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More reliable exam system needed to avoid resits and regional disparities in results, education unions warn

A BROADER, more reliable exam system is needed to avoid a wave of resits and crippling regional disparities in results, education unions warned today as pupils across England and Wales received their GCSE results.

The National Education Union (NEU) congratulated the 67.8 per cent of students across England who achieved at least a “standard pass” grade 4, while fellow teaching union NASUWT Cymru hailed the 64.5 pass rate — grade C and above — in Wales.

Compared with last year, the former figure was down by 5.2 per cent and the latter by 3.7 per cent amid a deliberate policy to return grades to pre-coronavirus pandemic levels in 2019.

Covid-19 lockdowns saw national exams scrapped and replaced with teacher-assessed grades in 2020 and 2021, which tended to be higher.

Overall, the figures for pupils achieving top grades — at least 7 in England or A in Wales — were up on pre-pandemic levels, but results varied across the country, with 28.4 per cent of students in London achieving the highest results, compared with just 17.6 in north-east England.

Overall, the gap between the highest and lowest proportions of top grades in the north and south grew, from 9.3 per cent four years ago to 10.8 per cent now.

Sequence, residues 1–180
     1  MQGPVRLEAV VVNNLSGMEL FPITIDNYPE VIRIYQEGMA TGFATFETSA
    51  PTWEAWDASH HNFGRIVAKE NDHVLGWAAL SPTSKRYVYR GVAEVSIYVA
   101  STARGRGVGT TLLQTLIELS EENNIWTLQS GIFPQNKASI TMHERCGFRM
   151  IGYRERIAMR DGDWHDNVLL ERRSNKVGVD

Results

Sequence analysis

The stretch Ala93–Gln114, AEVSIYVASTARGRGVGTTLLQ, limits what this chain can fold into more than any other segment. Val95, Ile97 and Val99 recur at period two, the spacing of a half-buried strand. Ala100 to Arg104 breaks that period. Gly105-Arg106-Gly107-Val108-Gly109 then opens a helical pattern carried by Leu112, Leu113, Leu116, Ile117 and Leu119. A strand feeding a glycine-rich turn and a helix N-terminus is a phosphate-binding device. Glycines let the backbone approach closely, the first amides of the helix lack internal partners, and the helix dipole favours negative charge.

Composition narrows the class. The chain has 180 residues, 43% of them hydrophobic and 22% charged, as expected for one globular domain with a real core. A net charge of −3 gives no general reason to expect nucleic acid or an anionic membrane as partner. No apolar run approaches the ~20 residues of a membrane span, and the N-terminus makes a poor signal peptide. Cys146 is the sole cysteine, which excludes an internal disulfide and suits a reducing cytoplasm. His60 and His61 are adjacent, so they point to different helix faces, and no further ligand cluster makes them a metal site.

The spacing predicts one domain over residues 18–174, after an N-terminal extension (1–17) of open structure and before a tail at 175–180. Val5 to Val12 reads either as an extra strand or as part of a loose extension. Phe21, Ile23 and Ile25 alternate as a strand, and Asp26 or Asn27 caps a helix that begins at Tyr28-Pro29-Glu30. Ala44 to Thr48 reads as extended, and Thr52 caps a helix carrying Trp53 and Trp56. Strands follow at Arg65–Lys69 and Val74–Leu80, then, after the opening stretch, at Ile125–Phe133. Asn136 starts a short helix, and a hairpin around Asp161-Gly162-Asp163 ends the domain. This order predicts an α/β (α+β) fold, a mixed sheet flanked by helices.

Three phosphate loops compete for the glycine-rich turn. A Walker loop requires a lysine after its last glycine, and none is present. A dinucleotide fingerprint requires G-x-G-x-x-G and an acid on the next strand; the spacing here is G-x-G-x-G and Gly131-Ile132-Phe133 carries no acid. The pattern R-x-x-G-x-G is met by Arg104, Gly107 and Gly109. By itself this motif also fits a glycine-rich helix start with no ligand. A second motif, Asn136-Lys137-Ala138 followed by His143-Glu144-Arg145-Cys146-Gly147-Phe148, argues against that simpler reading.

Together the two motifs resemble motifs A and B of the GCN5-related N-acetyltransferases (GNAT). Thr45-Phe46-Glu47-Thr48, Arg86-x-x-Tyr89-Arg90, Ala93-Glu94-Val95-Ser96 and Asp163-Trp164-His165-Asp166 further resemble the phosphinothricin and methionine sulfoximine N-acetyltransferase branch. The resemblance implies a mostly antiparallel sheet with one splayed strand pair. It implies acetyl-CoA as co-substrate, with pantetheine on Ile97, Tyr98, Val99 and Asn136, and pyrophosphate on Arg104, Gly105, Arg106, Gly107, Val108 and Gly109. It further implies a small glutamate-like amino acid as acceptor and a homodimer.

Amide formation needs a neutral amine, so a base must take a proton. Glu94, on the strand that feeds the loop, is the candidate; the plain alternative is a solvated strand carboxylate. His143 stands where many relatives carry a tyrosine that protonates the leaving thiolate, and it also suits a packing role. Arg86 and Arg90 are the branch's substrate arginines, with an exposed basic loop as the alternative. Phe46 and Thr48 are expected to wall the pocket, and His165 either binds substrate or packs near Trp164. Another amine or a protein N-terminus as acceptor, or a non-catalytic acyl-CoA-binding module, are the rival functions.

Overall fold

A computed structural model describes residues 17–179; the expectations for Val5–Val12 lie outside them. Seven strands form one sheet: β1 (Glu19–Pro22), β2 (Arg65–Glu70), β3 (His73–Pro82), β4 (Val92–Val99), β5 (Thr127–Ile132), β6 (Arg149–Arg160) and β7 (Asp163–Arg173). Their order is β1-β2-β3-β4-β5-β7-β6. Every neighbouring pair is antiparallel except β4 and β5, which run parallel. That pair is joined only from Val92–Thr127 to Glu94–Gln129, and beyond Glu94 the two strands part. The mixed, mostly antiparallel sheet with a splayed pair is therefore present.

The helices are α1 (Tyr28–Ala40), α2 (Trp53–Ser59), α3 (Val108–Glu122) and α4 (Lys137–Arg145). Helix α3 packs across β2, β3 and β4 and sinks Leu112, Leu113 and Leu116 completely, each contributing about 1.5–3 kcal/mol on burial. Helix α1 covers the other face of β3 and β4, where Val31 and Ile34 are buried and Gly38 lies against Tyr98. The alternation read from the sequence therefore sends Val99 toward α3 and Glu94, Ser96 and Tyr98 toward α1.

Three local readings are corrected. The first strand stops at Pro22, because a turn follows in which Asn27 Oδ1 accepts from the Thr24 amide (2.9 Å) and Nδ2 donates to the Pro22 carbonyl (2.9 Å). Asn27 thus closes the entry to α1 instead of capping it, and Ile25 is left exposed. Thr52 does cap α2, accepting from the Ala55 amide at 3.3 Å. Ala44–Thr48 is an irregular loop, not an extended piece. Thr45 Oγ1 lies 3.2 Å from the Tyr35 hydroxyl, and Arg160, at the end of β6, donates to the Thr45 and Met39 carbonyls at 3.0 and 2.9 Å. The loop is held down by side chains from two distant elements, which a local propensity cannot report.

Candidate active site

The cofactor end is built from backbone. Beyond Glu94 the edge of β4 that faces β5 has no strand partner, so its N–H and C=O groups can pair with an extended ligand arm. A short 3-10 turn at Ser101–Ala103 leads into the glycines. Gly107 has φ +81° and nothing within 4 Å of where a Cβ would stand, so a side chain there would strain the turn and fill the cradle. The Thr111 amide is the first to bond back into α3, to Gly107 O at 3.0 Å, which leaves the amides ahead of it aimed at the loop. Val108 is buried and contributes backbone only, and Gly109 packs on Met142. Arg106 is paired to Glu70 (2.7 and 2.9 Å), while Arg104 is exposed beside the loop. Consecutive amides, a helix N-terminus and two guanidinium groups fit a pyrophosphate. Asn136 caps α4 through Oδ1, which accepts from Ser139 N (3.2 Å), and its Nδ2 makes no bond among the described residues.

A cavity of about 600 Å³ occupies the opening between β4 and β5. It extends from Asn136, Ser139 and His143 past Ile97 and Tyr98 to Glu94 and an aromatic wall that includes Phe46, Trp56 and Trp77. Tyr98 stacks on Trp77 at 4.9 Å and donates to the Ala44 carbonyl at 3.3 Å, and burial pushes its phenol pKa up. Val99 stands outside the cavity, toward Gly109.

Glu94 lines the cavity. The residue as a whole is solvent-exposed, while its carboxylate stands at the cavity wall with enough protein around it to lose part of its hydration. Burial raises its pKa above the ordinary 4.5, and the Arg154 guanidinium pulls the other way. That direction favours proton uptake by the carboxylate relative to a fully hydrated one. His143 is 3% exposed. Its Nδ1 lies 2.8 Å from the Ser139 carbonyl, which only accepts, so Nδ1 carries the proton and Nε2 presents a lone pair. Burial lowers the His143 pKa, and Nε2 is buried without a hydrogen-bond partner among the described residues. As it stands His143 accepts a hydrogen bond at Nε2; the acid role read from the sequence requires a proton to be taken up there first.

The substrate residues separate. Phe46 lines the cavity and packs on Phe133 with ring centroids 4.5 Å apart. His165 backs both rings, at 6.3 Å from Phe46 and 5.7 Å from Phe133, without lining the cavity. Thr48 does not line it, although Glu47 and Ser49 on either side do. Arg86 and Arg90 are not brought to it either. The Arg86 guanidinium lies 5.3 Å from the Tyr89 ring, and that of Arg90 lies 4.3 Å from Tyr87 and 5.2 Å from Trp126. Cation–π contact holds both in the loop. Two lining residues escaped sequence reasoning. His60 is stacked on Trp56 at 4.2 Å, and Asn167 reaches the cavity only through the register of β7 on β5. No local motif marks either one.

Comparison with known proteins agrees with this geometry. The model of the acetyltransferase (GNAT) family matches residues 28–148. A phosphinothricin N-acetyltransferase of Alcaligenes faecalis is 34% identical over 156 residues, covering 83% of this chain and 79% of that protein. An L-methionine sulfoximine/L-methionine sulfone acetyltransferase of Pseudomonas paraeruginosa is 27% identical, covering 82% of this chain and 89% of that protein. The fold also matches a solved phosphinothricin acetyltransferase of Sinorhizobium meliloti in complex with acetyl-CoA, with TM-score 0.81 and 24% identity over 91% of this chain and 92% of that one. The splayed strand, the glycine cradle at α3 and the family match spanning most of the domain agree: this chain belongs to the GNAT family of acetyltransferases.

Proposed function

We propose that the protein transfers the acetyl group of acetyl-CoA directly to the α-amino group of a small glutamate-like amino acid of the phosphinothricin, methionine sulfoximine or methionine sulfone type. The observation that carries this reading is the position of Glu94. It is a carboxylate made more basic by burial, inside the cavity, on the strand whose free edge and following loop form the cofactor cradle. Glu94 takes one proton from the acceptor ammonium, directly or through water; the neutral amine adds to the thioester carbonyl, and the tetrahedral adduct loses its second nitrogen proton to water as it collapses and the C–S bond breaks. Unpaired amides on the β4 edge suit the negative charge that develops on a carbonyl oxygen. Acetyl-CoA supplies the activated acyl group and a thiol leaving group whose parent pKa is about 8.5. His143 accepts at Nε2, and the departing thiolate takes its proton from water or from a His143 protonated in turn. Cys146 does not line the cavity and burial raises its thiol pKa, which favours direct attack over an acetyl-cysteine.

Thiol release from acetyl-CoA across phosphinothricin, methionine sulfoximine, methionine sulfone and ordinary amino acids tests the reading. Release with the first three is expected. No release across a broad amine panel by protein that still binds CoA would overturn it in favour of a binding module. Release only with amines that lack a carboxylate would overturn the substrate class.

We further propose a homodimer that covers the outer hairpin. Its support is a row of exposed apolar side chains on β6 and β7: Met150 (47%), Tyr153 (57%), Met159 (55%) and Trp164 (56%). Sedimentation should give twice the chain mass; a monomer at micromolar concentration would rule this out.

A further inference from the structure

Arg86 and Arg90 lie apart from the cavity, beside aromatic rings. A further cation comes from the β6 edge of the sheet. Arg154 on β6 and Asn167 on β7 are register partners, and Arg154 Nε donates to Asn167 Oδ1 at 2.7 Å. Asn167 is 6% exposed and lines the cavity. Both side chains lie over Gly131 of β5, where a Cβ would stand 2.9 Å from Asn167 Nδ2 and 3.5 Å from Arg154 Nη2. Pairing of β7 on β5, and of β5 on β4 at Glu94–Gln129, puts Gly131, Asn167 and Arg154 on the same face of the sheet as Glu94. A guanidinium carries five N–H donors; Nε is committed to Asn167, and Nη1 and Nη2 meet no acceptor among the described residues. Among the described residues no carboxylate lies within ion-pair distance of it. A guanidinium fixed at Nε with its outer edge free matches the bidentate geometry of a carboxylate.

Educational charity the Sutton Trust slammed the “considerable difference in attainment,” while Labour shadow schools minister Stephen Morgan declared the Tory government’s supposed commitment to “levelling up” dead.

“Children in disadvantaged communities aren’t going to do as well as children in more affluent areas — that’s the legacy of 13 years of Conservative government,” he charged.

NEU joint general secretary Kevin Courtney praised the hard work of pupils but accused ministers of “acting as if the pandemic has had no after-effects.

“The damage it has done to students’ learning and well-being is enduring and differs from school to school.”

He also stressed long-term concerns with an exams-only assessment system which left teachers carrying the can during the pandemic and “does not set students up for 21st-century success.

“The benefits of a shift to a broader, more reliable assessment system are becoming more and more clear,” he argued.

NASUWT urged ministers to “take responsibility for widening the attainment gap,” while school leaders’ union NAHT said that too many students are “forced into a dispiriting round of maths and English resits.”

“Students should be able to take the qualification which best suits them,” it said. 

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